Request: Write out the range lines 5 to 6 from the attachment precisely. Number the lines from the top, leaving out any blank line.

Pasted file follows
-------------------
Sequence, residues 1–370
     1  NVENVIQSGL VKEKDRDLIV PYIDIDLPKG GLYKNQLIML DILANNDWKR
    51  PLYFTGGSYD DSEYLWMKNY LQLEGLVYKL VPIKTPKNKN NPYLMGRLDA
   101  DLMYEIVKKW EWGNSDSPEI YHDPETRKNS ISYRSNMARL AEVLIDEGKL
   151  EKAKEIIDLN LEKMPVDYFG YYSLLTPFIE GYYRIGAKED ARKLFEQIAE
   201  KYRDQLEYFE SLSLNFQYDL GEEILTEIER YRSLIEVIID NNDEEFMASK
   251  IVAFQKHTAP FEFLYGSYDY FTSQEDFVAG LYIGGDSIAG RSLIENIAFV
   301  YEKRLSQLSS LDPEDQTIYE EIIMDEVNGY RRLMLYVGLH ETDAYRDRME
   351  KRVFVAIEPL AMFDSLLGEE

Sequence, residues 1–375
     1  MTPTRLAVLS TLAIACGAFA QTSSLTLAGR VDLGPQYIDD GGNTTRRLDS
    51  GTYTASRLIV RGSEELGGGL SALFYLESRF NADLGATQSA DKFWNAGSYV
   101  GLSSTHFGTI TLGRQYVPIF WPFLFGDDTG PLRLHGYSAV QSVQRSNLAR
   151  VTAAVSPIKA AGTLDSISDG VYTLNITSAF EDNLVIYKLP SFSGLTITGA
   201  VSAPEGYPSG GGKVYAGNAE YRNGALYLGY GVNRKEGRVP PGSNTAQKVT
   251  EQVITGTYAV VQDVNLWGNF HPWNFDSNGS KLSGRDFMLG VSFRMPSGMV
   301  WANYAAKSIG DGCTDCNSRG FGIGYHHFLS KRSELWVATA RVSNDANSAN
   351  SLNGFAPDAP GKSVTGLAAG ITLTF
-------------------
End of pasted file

   151  EKAKEIIDLN LEKMPVDYFG YYSLLTPFIE GYYRIGAKED ARKLFEQIAE
   201  KYRDQLEYFE SLSLNFQYDL GEEILTEIER YRSLIEVIID NNDEEFMASK